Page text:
Each Monday and Thursday, an abstract from one of the symposium participants will be posted to facilitate discussion. We welcome your comments!
Featured Abstract: “Discovering our models: aiming at metaleptic markup applications through TEI customization”
Trevor Munoz, University of Maryland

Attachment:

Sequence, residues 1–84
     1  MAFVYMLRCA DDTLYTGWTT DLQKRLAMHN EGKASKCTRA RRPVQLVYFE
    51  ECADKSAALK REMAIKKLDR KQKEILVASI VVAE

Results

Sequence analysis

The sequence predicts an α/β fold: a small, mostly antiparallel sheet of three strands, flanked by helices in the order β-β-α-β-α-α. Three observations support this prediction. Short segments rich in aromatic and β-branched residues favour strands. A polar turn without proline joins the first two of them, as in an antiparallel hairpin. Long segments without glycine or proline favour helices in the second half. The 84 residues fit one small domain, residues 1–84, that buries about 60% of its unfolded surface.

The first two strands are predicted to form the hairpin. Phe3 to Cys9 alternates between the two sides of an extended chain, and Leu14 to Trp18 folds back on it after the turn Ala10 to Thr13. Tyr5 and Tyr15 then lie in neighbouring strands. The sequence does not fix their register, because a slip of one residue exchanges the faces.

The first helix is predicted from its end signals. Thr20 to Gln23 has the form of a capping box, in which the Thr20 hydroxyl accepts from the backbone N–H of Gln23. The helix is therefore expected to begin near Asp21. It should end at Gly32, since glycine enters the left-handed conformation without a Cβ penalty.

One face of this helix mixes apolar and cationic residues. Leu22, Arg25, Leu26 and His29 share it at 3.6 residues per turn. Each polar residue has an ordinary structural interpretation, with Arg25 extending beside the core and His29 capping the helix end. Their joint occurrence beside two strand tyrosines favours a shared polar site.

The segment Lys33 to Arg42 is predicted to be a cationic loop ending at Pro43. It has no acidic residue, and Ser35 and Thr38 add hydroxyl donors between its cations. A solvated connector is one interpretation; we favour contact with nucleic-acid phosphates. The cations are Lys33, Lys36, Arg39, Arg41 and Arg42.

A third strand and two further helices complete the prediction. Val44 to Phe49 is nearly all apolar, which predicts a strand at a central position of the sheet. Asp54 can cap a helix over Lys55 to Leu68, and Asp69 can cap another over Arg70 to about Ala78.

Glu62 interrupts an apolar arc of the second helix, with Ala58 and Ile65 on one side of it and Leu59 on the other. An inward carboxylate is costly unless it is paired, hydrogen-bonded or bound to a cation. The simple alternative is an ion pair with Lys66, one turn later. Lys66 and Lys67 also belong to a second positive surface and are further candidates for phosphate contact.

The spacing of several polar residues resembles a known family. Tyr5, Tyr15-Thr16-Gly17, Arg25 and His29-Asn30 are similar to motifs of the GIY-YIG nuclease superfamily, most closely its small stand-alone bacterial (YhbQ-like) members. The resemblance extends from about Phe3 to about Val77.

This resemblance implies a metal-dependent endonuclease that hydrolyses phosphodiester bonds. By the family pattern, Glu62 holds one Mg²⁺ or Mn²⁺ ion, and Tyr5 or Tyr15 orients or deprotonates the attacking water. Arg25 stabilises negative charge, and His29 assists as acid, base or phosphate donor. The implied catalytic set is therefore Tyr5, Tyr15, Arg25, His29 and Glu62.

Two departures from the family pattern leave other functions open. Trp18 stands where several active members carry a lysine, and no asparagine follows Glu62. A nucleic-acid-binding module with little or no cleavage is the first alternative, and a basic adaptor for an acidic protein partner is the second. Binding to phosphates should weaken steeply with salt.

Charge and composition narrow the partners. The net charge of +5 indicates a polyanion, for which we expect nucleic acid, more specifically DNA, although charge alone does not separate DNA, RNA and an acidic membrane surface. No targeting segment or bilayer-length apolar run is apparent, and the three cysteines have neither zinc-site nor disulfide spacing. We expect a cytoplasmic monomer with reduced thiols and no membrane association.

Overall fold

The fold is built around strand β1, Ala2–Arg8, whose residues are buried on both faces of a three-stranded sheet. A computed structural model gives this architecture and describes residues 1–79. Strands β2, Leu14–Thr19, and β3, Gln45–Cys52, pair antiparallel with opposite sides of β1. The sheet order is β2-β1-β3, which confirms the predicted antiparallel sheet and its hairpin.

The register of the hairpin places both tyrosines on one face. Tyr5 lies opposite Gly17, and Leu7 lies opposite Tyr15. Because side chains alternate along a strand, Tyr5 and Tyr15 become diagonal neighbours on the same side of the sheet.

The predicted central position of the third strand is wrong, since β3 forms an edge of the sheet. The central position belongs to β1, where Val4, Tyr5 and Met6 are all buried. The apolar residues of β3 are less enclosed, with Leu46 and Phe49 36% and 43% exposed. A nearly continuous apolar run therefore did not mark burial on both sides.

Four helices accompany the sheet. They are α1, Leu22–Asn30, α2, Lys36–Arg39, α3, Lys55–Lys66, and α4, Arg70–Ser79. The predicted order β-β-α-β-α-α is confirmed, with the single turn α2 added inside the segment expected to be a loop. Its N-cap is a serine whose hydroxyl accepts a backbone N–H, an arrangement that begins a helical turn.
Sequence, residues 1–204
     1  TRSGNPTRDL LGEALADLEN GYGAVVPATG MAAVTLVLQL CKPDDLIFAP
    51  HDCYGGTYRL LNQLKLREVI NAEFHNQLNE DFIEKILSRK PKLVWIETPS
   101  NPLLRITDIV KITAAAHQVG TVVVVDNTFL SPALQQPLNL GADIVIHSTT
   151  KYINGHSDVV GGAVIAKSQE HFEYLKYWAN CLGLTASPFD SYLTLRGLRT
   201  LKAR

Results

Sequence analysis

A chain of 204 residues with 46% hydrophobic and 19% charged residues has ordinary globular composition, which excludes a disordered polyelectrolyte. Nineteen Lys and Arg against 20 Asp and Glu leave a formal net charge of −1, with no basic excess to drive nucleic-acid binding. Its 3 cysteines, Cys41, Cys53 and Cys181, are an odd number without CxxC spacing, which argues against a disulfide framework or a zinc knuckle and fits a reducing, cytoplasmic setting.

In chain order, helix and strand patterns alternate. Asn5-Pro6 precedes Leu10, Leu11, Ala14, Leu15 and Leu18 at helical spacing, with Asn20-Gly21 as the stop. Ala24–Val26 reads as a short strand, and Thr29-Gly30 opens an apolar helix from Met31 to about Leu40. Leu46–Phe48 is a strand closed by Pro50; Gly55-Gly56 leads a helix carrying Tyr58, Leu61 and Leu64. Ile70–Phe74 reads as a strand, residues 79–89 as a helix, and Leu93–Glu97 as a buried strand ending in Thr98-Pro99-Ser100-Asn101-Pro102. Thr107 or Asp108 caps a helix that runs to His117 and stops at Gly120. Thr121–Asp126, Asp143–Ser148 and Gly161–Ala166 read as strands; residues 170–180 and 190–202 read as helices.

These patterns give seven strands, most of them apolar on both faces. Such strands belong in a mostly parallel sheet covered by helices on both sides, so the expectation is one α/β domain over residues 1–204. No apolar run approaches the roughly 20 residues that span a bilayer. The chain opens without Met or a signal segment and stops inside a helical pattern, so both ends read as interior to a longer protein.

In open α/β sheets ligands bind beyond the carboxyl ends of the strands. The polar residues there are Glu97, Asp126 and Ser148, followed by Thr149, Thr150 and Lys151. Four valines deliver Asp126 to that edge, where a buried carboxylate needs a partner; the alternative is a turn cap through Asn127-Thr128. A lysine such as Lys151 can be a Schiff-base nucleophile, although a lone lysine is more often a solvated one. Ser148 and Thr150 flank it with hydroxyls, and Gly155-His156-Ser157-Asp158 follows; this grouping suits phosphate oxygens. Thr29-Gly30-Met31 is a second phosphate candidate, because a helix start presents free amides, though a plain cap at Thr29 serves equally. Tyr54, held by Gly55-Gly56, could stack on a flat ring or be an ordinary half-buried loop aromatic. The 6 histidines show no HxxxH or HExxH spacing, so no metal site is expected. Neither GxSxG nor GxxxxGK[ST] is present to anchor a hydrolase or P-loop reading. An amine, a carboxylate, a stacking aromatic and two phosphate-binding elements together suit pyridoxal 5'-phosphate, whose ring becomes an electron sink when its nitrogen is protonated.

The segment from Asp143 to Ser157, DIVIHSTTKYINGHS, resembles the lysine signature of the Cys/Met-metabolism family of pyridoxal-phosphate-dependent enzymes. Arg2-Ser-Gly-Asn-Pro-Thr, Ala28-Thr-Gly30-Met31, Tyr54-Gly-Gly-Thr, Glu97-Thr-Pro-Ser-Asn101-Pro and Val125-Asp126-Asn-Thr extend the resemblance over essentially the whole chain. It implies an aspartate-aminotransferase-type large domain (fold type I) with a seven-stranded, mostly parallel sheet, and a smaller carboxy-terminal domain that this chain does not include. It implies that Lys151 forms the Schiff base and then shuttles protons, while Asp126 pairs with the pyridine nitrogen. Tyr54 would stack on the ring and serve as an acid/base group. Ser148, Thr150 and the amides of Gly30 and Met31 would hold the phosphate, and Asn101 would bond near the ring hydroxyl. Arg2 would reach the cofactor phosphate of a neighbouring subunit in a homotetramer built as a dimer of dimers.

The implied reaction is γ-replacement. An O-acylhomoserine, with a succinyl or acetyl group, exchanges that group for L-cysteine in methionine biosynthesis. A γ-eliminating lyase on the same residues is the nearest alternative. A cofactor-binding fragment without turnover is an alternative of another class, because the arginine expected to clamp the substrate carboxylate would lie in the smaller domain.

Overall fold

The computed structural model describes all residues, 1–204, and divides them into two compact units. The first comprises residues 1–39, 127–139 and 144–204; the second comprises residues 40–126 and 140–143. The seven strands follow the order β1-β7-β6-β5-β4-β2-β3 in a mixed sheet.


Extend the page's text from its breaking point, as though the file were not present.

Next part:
The activity of data modeling involves generating a description of the structure that data will have in an information system. In practice, for many current humanities text projects, the outlines of these descriptions and the information systems they will work within are already known—the vocabulary of the Text Encoding Initiative (TEI) and some kind of toolchain suited to storing, processing, and retrieving XML. This should not obscure the modeling challenges involved in humanities text projects. Indeed it is in the investigation and manipulation of these complex systems of information representation—through the customization mechanisms provided by the TEI—that much of the intellectual contribution of “small data” projects to the digital humanities can be found. Also at this point in a project, the roles of (digital) humanist and librarian are most closely aligned. An examination of the process of developing TEI customizations for several projects will show some of the decisions whereby the digital representation of texts become strategic models and also where the strategic emphases of librarians and humanists for those representations begin to fall out in slightly different ways. As the primary case study among those presented, the development of the Shelley-Godwin archive project will exhibit how TEI customization as an act of data modeling looks backward to traditions of editing and forward to new kinds of computer-enabled processing in an attempt to develop a rich, critically-engaged record of engagement with an important body of texts.